The automotive industry is experiencing tremendous disruption due to accelerated demand for electric vehicles (EV), new platforms and services, and sustainable manufacturing practices. Carmakers are upgrading existing manufacturing facilities and building new factories to support sustainable EV vehicle production combined with maturing internal combustion engine (ICE) vehicles. With these upgrades, carmakers developing new capabilities, such as EV battery and power-train production, are implementing targeted Industry 4.0/smart manufacturing capabilities to enable data management, robotics and automation, and real-time monitoring and control. These capabilities require robust network connectivity. Today fixed connectivity is typically favored as the primary connectivity for non-mobile assets. Wi-Fi is used in some cases for mobile equipment and backup connectivity for non-mobile assets. 5G is gaining some traction in automotive manufacturing facilities, which we expect will accelerate as private 5G networking matures and 5G becomes better aligned with the specific use-cases for automotive manufacturing.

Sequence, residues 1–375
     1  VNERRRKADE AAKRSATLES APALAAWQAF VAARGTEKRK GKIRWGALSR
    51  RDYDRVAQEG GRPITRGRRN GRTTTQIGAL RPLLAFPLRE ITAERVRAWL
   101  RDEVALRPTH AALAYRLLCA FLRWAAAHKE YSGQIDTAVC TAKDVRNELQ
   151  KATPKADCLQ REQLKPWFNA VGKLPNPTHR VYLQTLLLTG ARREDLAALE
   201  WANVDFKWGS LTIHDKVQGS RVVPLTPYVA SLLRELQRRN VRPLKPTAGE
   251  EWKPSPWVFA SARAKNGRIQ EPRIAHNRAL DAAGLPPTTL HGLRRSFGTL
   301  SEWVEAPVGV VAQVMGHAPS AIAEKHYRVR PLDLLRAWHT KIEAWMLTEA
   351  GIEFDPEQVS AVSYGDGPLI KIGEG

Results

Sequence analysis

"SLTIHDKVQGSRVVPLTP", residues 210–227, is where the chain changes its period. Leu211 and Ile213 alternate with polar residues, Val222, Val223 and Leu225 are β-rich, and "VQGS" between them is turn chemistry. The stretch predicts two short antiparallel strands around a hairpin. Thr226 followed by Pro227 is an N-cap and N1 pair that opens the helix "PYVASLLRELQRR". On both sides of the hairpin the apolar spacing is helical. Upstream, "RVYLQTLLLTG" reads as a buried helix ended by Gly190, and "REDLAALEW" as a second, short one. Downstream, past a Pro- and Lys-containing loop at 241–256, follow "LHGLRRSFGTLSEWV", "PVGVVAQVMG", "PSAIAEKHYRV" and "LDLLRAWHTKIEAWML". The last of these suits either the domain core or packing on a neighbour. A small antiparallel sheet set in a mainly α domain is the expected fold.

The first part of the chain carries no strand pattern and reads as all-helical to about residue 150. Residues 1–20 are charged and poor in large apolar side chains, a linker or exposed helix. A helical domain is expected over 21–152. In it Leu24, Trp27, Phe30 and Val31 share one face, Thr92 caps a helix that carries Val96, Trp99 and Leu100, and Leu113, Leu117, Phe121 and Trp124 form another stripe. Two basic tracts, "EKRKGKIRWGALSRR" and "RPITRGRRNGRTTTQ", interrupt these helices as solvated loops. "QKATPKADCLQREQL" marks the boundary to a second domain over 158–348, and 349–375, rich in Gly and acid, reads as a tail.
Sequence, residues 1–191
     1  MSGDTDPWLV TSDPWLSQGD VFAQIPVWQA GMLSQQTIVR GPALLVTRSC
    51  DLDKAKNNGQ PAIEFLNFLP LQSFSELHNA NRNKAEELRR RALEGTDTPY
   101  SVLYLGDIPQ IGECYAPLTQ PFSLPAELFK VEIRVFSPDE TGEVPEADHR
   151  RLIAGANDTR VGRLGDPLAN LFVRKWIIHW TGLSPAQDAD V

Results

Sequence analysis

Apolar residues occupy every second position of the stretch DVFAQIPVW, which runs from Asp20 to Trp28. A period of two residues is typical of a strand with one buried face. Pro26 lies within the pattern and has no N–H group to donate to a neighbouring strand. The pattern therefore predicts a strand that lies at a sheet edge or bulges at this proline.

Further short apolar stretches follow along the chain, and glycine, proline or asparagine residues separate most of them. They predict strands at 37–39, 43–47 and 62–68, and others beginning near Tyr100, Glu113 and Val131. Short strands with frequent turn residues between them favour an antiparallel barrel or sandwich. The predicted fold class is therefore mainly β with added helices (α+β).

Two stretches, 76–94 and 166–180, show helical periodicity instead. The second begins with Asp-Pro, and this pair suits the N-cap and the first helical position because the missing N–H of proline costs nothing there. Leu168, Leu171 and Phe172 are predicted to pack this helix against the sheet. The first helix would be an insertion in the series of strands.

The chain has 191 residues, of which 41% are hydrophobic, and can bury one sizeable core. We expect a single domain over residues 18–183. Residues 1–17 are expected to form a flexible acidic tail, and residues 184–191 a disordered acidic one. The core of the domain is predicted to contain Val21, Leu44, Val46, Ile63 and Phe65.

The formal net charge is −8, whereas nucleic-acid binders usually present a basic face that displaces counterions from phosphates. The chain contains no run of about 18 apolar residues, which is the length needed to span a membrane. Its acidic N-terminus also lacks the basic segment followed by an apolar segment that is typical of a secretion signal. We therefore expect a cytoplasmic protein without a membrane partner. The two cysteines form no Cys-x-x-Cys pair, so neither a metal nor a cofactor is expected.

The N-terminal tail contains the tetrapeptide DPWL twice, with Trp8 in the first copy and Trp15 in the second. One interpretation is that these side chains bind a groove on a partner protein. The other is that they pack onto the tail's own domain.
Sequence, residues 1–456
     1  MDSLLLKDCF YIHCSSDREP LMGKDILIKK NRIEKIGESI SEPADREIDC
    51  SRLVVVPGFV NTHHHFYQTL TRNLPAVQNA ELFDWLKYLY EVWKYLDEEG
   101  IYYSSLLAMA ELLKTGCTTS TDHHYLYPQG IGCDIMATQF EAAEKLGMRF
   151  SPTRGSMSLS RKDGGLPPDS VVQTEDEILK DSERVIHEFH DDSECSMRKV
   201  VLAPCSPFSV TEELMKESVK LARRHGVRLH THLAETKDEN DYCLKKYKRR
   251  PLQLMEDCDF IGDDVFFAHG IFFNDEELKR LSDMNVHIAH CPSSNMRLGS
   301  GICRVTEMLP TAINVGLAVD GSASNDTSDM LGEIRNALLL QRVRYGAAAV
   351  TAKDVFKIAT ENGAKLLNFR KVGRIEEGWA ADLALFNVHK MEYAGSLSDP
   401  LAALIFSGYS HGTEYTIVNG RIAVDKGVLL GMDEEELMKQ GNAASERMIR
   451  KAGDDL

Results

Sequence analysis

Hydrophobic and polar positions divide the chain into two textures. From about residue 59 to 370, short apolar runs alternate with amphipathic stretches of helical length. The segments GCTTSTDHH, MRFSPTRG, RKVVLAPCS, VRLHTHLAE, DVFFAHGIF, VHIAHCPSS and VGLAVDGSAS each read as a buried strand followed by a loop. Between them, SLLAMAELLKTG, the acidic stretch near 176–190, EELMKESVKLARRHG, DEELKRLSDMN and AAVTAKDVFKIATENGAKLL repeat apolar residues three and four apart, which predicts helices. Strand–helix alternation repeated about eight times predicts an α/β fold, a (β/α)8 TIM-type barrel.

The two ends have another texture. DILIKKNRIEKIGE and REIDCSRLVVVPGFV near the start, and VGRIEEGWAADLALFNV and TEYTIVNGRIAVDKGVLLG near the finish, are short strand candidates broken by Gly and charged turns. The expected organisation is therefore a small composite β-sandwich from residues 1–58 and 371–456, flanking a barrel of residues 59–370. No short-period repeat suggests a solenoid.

Dynamic network slicing has been a 5G service capability from the earliest days of 5G development. The slicing concept is relatively straightforward. Instead of a traditional 'one-size-fits-all' approach towards resource allocation, network resources are dynamically allocated using virtual networks optimized for individual services. For example, a network slice (i.e., virtual network) to support IoT might have sparse 5G core resources and no handover functionality but massive connectivity demands. In contrast, a mobile broadband slice is likely to require extensive 5G core resources, fully-featured handover capabilities, and support high data rates.
While it is possible to speculate 5G revenue opportunities for mobile operators, the reality is that nobody knows how the market will develop. Industry spectators have wide-ranging expectations from the pessimistic "glass-half-empty" to the optimistic "glass-half-full." While both the "half-empty" and "half-full" camps have some efficacy, at Tolaga we fall into a third camp, where the "glass" is the wrong size. We believe that instead of focusing on the reassurance of speculative 5G revenues, investors should seek solace that mobile operators are investing in the right places to prepare themselves for 5G revenue opportunities as they emerge.